Anchor-Based Business Development

Season 3, Episode 7

Episode 7 of the CitySCOPE podcast features a conversation with Kate Cooney and Boris Sigal, Co-Executive Director of the Community Purchasing Alliance (CPA).  Boris graduated from the Yale School of Management in 2014.  Post-graduation, Boris worked for a number of years in New Haven, first in a special one-year position created between the New Haven City Economic Development Administration and the Yale University Office of New Haven and State Affairs  and later as Director of Business Development at New Haven Works, where he focused on building closer relationships with the regional business community and aligning local hiring opportunities with large employers like Yale University and Yale-New Haven Health.  Topics include: insights from analysis of Yale University’s procurement spending and the impact of operational decisions on the regional economy, reflections on a year-long initiative to move some of Yale University’s spending on procurement toward regional vendors, the landmark Yale University New Haven Hiring Initiative, and the impact on local business development that can result from banding smaller anchors (churches and schools) into purchasing cooperatives.  Join us!


1. Community Purchasing Cooperative-

2. Democracy Collaborative-

3. New Haven Works-

4. New Haven Hiring Initiative-

Episode Transcript: 

Kate Cooney (00:00):  

This is CitySCOPE. 

Eun Sun Cho (00:01):  

A podcast on cities and inclusive economic development from the Yale School of Management. 

Kate Cooney (00:07):

Are we ready? 

Manuel Morales (00:08):

Let’s go.

Kate Cooney (00:24):

Welcome to episode 7 of the CitySCOPE podcast. I’m Kate Cooney, faculty at the Yale School of Management and founder of the Inclusive Economic Development Lab. Today, we pick up on the question of how to use supplier procurement as a lever for inclusive economic development with a focus on anchors and anchor-based economic development. Joining us today on the pod, we have former New Havener and graduate of the School of Management MBA program, Boris Sigal. As you’ll hear, Boris has thought deeply about how to build local economic development strategies using supply chain purchasing. So let’s get into it.

Boris Sigal (01:03):

My name is Boris Sigal. I am a graduate of the School of Management, the class of 2014. I guess that’s coming up on seven years, which is hard to believe. I am currently the Chief Finance Officer for the Community Purchasing Alliance Co-operative, DC-based member co-op.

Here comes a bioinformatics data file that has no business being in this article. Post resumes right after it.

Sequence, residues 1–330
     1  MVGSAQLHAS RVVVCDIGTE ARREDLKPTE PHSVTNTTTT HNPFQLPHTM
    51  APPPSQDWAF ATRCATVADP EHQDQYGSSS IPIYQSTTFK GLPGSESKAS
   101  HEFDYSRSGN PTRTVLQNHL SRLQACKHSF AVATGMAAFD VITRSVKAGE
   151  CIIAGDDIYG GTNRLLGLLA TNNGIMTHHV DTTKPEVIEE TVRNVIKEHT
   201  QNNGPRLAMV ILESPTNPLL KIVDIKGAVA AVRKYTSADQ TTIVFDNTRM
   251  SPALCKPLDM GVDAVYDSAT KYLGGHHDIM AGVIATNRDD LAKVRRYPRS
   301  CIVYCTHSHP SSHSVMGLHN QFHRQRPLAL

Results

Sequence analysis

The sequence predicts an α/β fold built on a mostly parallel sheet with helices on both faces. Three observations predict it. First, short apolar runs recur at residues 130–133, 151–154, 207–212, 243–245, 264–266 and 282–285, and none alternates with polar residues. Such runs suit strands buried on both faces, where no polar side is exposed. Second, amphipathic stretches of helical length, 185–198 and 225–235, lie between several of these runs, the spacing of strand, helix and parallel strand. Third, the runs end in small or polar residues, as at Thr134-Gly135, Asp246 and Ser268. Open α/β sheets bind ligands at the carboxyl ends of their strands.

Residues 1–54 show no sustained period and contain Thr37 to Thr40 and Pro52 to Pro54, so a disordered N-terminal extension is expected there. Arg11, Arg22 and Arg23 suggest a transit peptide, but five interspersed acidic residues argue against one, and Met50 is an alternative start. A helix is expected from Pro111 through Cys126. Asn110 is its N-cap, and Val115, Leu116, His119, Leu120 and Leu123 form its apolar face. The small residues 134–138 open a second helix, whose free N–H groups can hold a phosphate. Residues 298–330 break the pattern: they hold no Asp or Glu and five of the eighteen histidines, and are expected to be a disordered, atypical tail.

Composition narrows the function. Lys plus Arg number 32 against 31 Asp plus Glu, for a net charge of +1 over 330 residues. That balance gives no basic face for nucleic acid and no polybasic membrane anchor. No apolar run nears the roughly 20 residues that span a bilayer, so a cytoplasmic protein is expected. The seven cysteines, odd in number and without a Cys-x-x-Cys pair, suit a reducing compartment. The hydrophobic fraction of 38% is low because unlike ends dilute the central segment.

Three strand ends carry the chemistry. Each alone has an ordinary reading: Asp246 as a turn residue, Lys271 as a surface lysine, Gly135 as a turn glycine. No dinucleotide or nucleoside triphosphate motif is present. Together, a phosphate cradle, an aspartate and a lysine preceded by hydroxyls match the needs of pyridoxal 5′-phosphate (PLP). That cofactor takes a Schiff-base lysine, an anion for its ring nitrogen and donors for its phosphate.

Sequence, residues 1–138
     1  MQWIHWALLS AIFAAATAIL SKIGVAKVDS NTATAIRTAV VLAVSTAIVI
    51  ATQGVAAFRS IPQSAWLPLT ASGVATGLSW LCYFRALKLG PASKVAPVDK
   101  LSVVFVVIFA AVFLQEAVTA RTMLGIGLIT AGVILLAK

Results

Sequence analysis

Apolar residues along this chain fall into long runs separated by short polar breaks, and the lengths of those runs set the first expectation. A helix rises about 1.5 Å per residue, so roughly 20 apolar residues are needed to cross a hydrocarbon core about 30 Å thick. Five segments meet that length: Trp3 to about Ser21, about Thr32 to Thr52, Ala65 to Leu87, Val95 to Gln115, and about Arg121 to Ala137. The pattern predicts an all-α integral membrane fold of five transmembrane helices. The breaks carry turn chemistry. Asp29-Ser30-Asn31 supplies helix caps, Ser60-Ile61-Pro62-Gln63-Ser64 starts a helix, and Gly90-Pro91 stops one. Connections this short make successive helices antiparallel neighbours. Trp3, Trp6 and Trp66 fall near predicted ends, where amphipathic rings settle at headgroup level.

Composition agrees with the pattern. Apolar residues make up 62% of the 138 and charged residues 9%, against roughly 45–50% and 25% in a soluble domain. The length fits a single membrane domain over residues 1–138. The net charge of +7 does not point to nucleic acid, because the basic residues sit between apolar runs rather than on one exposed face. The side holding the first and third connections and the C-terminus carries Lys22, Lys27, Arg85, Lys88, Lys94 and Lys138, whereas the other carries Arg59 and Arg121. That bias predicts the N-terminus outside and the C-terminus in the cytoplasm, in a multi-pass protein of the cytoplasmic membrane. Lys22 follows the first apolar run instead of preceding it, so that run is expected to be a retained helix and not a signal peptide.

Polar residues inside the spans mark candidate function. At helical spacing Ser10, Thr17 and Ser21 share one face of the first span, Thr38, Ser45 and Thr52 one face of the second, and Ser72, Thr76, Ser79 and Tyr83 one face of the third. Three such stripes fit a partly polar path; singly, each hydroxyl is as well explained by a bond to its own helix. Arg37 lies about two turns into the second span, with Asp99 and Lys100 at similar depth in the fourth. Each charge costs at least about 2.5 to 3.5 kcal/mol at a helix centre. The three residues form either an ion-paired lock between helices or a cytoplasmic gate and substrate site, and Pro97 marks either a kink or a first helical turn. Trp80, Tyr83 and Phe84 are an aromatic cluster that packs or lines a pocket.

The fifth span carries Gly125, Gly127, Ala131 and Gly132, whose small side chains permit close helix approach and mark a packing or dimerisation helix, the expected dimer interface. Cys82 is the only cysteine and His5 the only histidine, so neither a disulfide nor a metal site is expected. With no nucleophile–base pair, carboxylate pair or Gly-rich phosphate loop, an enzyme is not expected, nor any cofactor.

Kate Cooney (01:21):

Welcome, Boris. It’s great to have you here with us today.

Boris Sigal (01:25):

Yeah. Great to be with you, Kate.

Kate Cooney (01:27):

So Boris, you’ve done a lot of work in this area of economic development that sometimes gets referred to as community wealth building. What does that term mean to you more broadly and how did you get involved in this work to begin with?

Boris Sigal (01:42):

I think economic development has a lot of different ways of answering different questions. There’s the question of, you know, are we more broadly growing? Are we generating more output from one year to another? There’s a pretty well-established kind of macroeconomic policy framework to think about how do you increase a few basis points on your GDP. And that certainly has a connection to wellbeing and we’ve seen a generation or two now of incredible prosperity growth for maybe 10-15 percent of the population tied to those two sets of questions. Community economic development or wealth building really is driving towards a more relevant set of questions, which isn’t just are we growing, but more of the qualitative side of it. How are we going growing and who is it benefiting? Is there a connection between a more broad based prosperity and thinking, introducing the approaches that secure better jobs, more accessible jobs? And I think there’s this very real question of who has access to those opportunities and or broader conversation about communities that have been locked out of good jobs. So even as the jobs that were accessible to a lot of people, you know, through union restrictions or other mechanisms were just unavailable. So community economic development or wealth building is driving much more towards this question of it’s not just economic growth, but what kind of economic growth and how is it in line with the kind of society or community we say we want to be? And I think on a more personal level, for me, I’m a first generation immigrant, came over here in the 90s. And while my upbringing in the US has been of mostly upward mobility coming and living in Section 8 housing and welfare and food stamps, and being able to for a decade or two… my family along through a path of mobility or narrative that we pride ourselves on. Growing up in the Midwest, my neighbors, I’m in Lansing right now. You know, the residents across the town here are experiencing a very different reality of the same community. And as a first generation refugee from the Soviet Union, I’m getting closer and closer to the stories of my family, of my grandfathers, my parents who firsthand felt what collectively we’re capable of in terms of oppression, of violence, of exclusion, of discrimination. And I think the questions that community economic development and wealth building are trying to answer for me feel much more relevant, relevant for the idea of the U.S. in the kind of setting you want to have, but also for my own personal story, the kind of life that my family has experienced for generations and generations. And I’m really the first to really kind of escape that.